I have a small piece of paper hanging next to my desk at work. It bears the U.S. Department of Agriculture emblem and 5 simple words, “Never Let Your Dreams Falter.” I look at it and think back to what it took to get me here today, just a semester away from college graduation.

It was mid-December, near the end of my first semester at Iowa State University (ISU). Just a few days prior, I had responded to a posting on the college job board and there I was, walking to my interview. Google Maps told me it was just a measly seven-minute drive; a walkable distance, I thought - especially for someone unfamiliar with the CyRide bus system.

After covering two hills, five blocks and nearly the entire ISU campus, I began to think I was set up. It took me nearly one hour to cover that 3.1 miles in the dead of winter, but I made it and even got the job. On that first day at the Council for Agricultural Science & Technology (CAST), I hung up this small symbol that reminds me still today to focus on the road ahead and never let my dreams falter.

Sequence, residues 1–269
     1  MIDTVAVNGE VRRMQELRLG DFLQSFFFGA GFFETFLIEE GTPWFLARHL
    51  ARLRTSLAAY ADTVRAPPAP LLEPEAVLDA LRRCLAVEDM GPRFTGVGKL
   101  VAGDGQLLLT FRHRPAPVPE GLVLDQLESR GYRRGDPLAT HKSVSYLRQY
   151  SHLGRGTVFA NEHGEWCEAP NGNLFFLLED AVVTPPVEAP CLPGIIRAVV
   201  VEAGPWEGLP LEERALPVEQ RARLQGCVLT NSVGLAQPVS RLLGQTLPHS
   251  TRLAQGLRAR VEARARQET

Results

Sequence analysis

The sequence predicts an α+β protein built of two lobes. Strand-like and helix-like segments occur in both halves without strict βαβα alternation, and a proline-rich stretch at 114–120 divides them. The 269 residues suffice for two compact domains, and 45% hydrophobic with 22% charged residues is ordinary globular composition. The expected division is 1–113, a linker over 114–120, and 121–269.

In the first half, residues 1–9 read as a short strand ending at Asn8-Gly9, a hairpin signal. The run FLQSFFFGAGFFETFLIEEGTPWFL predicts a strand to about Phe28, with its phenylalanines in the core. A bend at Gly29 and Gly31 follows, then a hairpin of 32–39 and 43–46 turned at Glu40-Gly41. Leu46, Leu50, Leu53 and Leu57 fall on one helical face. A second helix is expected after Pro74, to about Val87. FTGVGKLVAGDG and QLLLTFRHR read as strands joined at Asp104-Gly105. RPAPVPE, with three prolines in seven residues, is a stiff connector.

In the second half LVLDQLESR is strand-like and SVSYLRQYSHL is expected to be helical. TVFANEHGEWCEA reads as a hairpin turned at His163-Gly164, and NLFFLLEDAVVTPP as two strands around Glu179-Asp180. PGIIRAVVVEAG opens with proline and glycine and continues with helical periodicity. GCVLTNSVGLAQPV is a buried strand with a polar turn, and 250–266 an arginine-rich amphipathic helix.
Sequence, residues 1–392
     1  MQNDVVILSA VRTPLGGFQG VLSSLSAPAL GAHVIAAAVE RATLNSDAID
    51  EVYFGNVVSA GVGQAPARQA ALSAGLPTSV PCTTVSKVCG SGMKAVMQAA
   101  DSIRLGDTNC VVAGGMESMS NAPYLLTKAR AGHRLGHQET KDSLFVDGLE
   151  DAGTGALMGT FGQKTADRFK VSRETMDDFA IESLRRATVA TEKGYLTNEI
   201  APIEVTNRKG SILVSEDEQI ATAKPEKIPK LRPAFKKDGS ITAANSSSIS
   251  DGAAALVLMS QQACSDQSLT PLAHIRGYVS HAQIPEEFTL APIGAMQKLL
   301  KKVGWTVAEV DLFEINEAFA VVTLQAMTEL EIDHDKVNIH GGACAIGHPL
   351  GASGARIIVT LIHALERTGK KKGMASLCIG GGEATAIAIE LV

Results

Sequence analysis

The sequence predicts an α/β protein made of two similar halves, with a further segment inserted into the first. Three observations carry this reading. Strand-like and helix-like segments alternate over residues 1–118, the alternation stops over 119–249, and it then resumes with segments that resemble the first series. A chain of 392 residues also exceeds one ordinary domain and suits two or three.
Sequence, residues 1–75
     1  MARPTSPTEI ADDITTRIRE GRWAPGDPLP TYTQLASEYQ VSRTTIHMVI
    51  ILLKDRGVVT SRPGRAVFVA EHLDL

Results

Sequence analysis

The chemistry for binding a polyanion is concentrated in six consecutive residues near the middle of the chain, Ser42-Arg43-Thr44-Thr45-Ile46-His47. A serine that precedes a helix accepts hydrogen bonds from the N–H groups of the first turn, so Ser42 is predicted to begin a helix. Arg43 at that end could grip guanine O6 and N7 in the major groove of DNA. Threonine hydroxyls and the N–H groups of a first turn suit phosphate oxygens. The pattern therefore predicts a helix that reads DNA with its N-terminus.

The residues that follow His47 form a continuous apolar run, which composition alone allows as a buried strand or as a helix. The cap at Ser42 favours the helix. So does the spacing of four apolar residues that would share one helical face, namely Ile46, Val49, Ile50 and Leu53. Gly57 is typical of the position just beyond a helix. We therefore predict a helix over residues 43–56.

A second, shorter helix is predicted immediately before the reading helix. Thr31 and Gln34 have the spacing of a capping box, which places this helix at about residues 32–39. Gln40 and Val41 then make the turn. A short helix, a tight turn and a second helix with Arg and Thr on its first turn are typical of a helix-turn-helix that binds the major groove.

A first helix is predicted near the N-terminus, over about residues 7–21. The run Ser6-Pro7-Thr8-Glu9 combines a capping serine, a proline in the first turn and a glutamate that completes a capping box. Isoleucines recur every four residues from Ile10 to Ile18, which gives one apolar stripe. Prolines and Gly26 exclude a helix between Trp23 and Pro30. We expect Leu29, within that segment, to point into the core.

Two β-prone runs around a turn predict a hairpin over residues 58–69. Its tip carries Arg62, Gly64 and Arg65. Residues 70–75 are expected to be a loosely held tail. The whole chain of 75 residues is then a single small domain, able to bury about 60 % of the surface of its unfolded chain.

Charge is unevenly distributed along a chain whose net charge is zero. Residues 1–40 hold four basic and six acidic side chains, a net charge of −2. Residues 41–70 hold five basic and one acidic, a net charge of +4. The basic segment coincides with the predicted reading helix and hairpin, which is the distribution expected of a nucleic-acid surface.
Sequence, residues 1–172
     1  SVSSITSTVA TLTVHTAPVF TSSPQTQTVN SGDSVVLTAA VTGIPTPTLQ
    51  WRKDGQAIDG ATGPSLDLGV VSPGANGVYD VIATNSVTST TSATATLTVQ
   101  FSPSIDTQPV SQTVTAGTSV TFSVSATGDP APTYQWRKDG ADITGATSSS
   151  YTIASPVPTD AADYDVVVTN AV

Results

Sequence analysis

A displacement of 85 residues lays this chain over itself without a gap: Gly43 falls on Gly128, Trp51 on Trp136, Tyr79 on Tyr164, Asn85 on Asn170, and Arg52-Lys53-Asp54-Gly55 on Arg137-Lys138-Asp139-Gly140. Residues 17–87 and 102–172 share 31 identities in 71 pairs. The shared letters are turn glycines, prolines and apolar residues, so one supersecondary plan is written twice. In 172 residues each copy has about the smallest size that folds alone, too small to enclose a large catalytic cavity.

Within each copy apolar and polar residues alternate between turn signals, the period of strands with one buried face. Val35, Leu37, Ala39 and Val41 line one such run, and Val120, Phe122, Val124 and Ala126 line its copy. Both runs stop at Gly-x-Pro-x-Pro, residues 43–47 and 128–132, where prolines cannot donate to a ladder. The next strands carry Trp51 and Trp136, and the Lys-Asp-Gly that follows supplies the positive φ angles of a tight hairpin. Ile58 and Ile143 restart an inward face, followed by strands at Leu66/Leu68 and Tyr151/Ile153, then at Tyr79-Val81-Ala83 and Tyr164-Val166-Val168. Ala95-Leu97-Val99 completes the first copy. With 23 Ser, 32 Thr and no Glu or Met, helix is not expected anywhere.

My advice for students is to stay informed. You can’t “talk the talk” or “walk the walk” if you’re out of the loop. I encourage students to embrace social media and utilize their Facebook and/or Twitter to follow industry-wide news, and gain a voice by engaging in these thought-provoking discussions.

As agriculturalists, it is critical that we are able to see both sides of an issue and can distinguish fact from fiction. Knowing where to find credible information is key. Take the opportunity to join a professional organization, network with industry leaders, and find unique internships. These sorts of experiences will help catapult you to the career you had always dreamed of.

About the blogger:
I am Elizabeth Burns-Thompson, currently a senior at Iowa State University, majoring in Agricultural Business and International Agriculture and a minor in Agronomy. I was born and raised on a small family farm in Alburnett, an Eastern Iowa town of just 600 people. Following graduation I would like to continue my education, pursuing a degree in agricultural law. My ultimate career goal is to work with agricultural policy development, and possibly hold public office.